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An Homage to Ingmar Bergman

“Bertram?” the vicar peeked around the door, scanning each hospital bed for his quarry. “Bertram?” Three beds were empty; the fourth held a sleeping figure. Bertram was laid out on his back, angled by the cruelty of hospital beds, and propped into that unnatural sleep by a drip of some sort and hot pillows. A third time the vicar called, venturing nearer the bed, “Betram?”

Bertram’s eyes came open, looking upward into the white of the ceiling. He scanned. The vicar drew near to him and sat down. The rustle of the vicar’s jacket pulled Bertram’s eyes away from the ceiling and toward the vicar. “Vicar!” he tried to exclaim, but phlegm blocked the greeting so that the vicar was greeted by an exuberant, thick cough.

“Lois told me you broke your hip.”

“Darnedest thing, Vicar,” laughed Bertram. “I was walking to turn off the lamp—you know where the lamp is—we run the cord for the lamp under the carpet there. Well, I tripped over the cord, fell down, and I heard my hip go ‘snap.’”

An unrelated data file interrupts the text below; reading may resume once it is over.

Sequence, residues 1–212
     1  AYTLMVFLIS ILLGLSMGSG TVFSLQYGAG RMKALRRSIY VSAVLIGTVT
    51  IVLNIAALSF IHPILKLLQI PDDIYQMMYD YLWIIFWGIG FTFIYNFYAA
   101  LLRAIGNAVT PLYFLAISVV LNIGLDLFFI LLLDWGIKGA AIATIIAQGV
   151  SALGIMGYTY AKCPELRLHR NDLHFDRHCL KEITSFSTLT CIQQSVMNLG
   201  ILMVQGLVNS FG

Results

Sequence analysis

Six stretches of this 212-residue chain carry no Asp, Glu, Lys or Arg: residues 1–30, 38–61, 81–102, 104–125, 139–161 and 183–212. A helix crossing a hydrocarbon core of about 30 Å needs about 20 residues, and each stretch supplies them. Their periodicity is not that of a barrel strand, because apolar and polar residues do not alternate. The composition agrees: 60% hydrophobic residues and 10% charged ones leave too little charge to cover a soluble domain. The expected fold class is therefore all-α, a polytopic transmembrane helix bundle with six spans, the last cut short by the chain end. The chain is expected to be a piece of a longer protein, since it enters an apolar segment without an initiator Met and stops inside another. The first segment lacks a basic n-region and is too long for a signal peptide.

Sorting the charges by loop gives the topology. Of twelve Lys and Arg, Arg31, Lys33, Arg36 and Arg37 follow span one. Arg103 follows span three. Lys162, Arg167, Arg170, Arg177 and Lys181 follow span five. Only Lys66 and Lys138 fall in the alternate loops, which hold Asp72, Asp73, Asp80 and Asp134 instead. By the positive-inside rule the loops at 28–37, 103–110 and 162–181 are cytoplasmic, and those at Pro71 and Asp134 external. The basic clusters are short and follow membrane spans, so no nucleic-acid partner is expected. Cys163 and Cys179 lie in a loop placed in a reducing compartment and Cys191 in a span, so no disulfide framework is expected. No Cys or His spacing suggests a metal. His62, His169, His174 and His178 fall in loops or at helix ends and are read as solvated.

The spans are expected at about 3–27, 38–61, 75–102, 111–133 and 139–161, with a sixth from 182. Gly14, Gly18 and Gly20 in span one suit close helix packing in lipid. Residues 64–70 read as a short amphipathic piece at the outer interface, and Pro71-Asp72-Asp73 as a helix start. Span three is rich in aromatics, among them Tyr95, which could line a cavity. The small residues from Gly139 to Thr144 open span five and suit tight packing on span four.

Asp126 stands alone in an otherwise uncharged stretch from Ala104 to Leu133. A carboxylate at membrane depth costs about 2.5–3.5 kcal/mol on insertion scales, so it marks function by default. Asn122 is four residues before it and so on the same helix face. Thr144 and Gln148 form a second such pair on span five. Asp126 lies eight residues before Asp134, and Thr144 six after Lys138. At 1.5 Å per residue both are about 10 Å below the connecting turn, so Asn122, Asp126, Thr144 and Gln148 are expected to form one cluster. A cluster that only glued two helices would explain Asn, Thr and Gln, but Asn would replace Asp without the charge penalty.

The vicar nodded. The nurse came tumbling in, saying, “His hip broke, then he fell.” The vicar nodded again.

Continue reading “A Life in The Day”

A Life in The Day

No New Loveseat

Back in our salad days Deb and I bought a love seat. Its price was greatly reduced because a naughty salesman had sold the matching couch as a separate item and because there was a going out of business blowout sale. Nevertheless it wasn’t worth much more than its greatly reduced sale price.

That was fifteen years ago, at the least, and it has been worn out for many years already. I’ve done some rudimentary repairs on the framework and springs, but it’s just not a very nice love seat.

I mentioned to Deb that I should just go buy a new one, even another one at a greatly reduced price, if only because this one would like to finally rest in peace. “No,” she said. “I appreciate the thought, but I’ll just cry.”

It’s true: whether the thing matches the living room appointments or not, whether it seats all comers with comfort, whether the thing is an exact replica of our present love seat, she’ll cry. I don’t know that it’s a bad thing to capitulate to the tears. After all, it is a beloved love seat. More than that, there are so many other things to take care of, so many other things which will bring tears.

Perhaps one day we’ll grow enough to earn a new love seat.

No New Loveseat